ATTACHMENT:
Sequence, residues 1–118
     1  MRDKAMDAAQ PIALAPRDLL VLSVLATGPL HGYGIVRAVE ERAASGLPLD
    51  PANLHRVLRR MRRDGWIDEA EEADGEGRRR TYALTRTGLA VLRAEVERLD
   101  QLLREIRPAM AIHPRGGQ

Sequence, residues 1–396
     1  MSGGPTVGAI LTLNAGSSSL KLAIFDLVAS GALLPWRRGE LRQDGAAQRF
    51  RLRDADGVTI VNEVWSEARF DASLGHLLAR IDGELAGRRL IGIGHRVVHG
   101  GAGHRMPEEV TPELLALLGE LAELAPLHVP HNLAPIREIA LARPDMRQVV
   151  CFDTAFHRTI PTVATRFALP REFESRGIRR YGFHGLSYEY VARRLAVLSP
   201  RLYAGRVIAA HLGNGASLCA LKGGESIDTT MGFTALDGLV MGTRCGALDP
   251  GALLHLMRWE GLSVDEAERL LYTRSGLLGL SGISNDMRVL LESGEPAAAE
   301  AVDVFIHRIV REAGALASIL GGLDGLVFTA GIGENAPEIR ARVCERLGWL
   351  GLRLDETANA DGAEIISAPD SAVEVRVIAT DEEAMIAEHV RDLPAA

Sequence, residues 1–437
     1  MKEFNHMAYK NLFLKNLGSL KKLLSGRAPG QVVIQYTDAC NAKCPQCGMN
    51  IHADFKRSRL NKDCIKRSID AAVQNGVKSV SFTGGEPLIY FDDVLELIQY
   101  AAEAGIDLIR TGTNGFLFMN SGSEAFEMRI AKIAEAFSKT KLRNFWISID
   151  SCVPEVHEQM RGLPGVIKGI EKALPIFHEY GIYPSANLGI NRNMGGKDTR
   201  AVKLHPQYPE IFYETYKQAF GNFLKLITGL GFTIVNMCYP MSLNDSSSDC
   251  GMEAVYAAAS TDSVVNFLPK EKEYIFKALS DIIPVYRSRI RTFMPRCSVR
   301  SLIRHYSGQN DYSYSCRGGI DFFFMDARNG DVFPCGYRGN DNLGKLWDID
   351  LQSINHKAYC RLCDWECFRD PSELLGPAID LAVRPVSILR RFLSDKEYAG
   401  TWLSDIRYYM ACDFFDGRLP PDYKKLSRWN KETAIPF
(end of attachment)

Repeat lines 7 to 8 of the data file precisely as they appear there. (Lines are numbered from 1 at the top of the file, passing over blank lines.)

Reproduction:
    51  RLRDADGVTI VNEVWSEARF DASLGHLLAR IDGELAGRRL IGIGHRVVHG
   101  GAGHRMPEEV TPELLALLGE LAELAPLHVP HNLAPIREIA LARPDMRQVV